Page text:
Sunday, Mar 4
It’s time to get real people. It’s time to get really real. It is my gut feeling that you could not possibly make sense of all this junk I keep posting on this here blog if you don’t know more about, well, me. So here goes.
1. I love a party.
I am not ashamed. You need to know these things about me, so there. I shared it. The Photo of the Year. But I am NOT going to share some crazy made-up story about being the first one on the dance floor at The Hubs’ company Holiday Party. And I am NOT going to add that we were the only two people on said floor for five minutes that felt like an eternity. Nor will I embellish the story by saying that HE LEFT ME OUT THERE ALONE to go grab some folks from his team. But judging by this photo, I know that you know that it’s probably all true. So! Now you know me much better.
2. I am the youngest of seven children.
Just look at those glorious bell bottoms! Not to mention the plaid pants, and the hair! It should be pretty obvious that I was born into a family of teenagers, with the exception of my brother Tim. He’s the cutie with the hair parted in the center, powder blue sweater and nice collar. Tim was the youngest of this crew for eleven years. That’s right. Booga Baby for eleven years until Mary-Mary Sunshine came along. It’s difficult for me to explain exactly what it’s like to be born into a big family, but to be raised for many years like an only child. It does explain, however, why I have a little trouble when this sort of stuff starts to happen with my own children:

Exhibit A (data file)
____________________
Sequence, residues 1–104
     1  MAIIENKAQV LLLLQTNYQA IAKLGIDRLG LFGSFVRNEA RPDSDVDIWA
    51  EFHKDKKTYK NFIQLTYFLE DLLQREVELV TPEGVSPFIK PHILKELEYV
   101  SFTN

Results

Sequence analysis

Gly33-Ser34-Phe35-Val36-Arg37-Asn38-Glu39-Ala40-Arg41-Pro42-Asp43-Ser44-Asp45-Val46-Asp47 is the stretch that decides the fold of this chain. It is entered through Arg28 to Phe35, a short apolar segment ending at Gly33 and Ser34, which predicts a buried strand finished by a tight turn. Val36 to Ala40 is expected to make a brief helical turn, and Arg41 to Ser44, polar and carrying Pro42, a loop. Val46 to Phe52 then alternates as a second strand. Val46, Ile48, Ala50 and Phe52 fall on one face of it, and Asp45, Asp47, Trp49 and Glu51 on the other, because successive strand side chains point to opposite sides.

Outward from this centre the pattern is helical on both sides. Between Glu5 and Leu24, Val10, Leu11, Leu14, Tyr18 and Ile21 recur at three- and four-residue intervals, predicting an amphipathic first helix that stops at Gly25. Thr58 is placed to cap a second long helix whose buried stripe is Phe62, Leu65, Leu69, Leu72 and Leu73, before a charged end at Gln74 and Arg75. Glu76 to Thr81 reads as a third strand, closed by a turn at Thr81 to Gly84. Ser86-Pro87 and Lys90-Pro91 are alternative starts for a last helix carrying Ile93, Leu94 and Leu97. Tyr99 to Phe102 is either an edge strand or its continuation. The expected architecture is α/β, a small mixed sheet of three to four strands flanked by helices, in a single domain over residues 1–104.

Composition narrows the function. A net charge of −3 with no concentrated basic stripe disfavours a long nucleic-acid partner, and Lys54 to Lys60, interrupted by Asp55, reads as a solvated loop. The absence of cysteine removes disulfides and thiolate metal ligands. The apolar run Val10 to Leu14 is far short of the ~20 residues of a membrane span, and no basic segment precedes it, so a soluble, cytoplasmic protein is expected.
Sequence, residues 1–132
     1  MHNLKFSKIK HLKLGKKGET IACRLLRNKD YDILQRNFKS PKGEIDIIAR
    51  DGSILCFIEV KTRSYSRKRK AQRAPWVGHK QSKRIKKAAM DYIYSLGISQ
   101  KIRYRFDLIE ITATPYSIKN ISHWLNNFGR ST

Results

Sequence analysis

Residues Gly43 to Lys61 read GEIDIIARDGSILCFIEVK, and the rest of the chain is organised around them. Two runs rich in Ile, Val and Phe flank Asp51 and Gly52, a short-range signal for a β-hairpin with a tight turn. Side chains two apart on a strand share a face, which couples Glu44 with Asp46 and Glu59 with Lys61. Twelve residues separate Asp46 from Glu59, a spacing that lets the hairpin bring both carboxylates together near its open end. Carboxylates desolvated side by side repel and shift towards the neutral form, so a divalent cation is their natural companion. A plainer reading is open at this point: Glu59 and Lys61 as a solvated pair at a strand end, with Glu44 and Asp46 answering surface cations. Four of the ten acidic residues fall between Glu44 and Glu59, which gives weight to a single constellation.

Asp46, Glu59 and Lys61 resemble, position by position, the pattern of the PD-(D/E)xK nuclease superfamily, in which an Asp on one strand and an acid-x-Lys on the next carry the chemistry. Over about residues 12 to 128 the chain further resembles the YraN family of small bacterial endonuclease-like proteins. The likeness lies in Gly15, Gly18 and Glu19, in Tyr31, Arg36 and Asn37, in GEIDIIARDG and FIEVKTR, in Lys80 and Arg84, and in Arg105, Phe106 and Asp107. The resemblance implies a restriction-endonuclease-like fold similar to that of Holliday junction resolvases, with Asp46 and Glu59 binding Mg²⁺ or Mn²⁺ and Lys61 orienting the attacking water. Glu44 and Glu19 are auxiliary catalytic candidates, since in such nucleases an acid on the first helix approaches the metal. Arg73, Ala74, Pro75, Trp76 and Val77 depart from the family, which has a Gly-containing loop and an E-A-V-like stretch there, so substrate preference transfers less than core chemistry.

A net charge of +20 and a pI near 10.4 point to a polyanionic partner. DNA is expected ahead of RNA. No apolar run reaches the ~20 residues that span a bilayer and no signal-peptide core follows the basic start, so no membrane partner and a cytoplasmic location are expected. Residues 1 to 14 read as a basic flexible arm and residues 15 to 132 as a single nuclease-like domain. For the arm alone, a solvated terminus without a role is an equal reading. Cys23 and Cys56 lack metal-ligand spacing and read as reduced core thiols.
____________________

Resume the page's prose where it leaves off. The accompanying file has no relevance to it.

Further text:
Or perhaps this:
Suffice it to say, becoming the mother of four in five and a half years was a bit of a shock for someone from a family with seven children, yet an only child. Yes, I became an aunt when I was ten, and by the time I had my first child I had something like 19 nieces and nephews. I guess I expected that because of this fact, I would all of a sudden have all the know-how I needed to embark on this journey. Yeah. The constant noise and chaos of family life has been a major adjustment, but one that has changed me for the better.
3. This Christmas The Hubs gave me a heating pad. Have you ever seen The Father of the Bride? Do you remember when Annie went home crying to her dad when Bryan gave her a blender? “What is this 1958? Give the little wife a blender?” That response is along the lines of what I was thinking on Christmas morning 2011 when I opened a flipping heating pad. But I am an excellent
liar actress, and so until The Hubs reads this post, he has been under the impression that I, at that moment, was so very grateful for my Christmas gift. In my bitterness, I did not try out the blessed gift for a couple of weeks.
It just so happens that I now believe that that heating pad is quite possibly the best.gift.ever. Why? Why have I not known about the wonder and awesomeness that is falling asleep on a heating pad?! People. Go. Go now to your local drug store and purchase one. You will thank me. Nay, you will thank The Hubs, because it was his brilliant, and I mean brilliant
This is just one of a thousand examples I could share with you as to why my dear husband knows me better than I know myself. He knows what I need, and no matter what it takes, he sees to it that those needs are met. Sometimes that means being brutally honest with me so that I can meet my own needs, but when he can, he does it himself, and for that, I am forever grateful.